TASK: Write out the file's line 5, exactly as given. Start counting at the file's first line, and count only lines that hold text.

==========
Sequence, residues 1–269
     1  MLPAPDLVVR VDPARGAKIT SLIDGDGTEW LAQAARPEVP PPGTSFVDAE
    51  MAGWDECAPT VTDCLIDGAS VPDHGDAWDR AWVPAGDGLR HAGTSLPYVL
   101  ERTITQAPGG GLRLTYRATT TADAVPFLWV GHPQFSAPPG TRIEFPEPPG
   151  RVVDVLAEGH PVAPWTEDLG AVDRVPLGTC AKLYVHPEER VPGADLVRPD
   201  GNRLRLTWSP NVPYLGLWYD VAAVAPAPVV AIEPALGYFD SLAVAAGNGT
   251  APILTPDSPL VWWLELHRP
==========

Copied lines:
   151  RVVDVLAEGH PVAPWTEDLG AVDRVPLGTC AKLYVHPEER VPGADLVRPD